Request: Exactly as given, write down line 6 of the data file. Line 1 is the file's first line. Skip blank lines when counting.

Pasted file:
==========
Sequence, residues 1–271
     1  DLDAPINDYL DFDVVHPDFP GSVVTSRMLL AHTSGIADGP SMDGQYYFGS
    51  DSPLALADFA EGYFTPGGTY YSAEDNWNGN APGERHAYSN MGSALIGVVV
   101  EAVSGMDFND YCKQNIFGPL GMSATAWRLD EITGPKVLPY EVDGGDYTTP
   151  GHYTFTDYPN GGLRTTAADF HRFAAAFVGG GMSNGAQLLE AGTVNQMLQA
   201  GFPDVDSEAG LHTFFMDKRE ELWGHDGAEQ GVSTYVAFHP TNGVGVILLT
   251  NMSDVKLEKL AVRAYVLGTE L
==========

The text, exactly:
   201  GFPDVDSEAG LHTFFMDKRE ELWGHDGAEQ GVSTYVAFHP TNGVGVILLT